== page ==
MICHAEL ARTAYET, Petitioner v. COMMISSIONER OF INTERNAL REVENUE, Respondent, UNITED STATES TAX COURT - SUMMARY OPINION, T.C. Summary Opinion 2008-34, Docket No. 25328-06S., Filed April 7, 2008
MICHAEL ARTAYET, Petitioner v. COMMISSIONER OF INTERNAL REVENUE, Respondent
UNITED STATES TAX COURT - SUMMARY OPINION
T.C. Summary Opinion 2008-34
Docket No. 25328-06S.
Filed April 7, 2008.
PURSUANT TO INTERNAL REVENUE CODE SECTION 7463(b), THIS OPINION MAY NOT BE TREATED AS PRECEDENT FOR ANY OTHER CASE.
Michael Artayet, pro se.
Innessa Glaszman-Molot , for respondent.
DEAN, Special Trial Judge : This case was heard pursuant to the provisions of section 7463 of the Internal Revenue Code in effect when the petition was filed. Pursuant to section 7463(b), the decision to be entered is not reviewable by any other court, and this opinion shall not be treated as precedent for any other case. Unless otherwise indicated, subsequent section references are to the Internal Revenue Code in effect for the year in issue, and all Rule references are to the Tax Court Rules of Practice and Procedure.
Respondent denied petitioner's dependency exemption deduction and child tax credit, determining a $1,717 deficiency in petitioner's 2004 Federal income tax. The issue for decision is whether petitioner is entitled to claim a dependency exemption deduction for his minor child, A.A. 1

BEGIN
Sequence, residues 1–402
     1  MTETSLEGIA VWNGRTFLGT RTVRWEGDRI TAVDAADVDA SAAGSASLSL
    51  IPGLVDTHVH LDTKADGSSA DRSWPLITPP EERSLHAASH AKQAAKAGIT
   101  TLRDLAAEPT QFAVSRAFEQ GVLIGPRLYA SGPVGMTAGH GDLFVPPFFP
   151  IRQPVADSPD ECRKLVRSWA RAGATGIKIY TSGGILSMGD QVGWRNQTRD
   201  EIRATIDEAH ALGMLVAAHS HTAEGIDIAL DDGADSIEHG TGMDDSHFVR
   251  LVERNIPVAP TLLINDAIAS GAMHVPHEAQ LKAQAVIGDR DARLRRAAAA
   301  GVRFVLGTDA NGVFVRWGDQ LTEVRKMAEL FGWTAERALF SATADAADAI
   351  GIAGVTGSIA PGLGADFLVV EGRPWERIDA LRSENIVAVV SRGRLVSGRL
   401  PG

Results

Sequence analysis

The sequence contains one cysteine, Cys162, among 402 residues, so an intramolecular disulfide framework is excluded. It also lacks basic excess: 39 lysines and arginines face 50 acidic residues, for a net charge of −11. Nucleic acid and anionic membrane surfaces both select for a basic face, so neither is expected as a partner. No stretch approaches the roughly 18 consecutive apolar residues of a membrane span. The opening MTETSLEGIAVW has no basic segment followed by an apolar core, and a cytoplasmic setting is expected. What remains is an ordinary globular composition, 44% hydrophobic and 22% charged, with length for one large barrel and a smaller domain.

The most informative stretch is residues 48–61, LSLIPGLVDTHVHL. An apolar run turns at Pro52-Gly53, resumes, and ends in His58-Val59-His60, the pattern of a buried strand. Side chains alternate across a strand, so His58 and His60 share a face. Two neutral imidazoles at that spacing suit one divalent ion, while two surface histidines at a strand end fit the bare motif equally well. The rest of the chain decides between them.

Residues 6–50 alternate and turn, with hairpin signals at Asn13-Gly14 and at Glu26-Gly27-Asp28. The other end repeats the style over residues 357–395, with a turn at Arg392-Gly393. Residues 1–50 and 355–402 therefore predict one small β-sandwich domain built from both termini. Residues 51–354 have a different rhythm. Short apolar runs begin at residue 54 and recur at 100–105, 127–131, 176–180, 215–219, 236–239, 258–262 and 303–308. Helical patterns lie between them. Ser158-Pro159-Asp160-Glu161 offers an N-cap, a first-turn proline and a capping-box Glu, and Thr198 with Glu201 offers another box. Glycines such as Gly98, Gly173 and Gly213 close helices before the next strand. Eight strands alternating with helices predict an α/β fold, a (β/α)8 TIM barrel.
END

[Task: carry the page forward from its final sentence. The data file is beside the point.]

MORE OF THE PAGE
1 ═ Respondent disallowed the $1,000 child tax credit claimed by petitioner. The issue of whether petitioner is entitled to claim the credit was not argued by the parties. The resolution of that issue will be resolved by the Court's decision as to petitioner's entitlement to claim a dependency exemption deduction for A.A. A taxpayer is ineligible to claim a child tax credit unless he is entitled to claim a dependency exemption deduction for a child. See sec. 24(a), (c)(1)(A).
Some of the facts have been stipulated and are so found. The stipulation of facts and the exhibits received into evidence are incorporated herein by reference. At the time the petition was filed, petitioner resided in Virginia.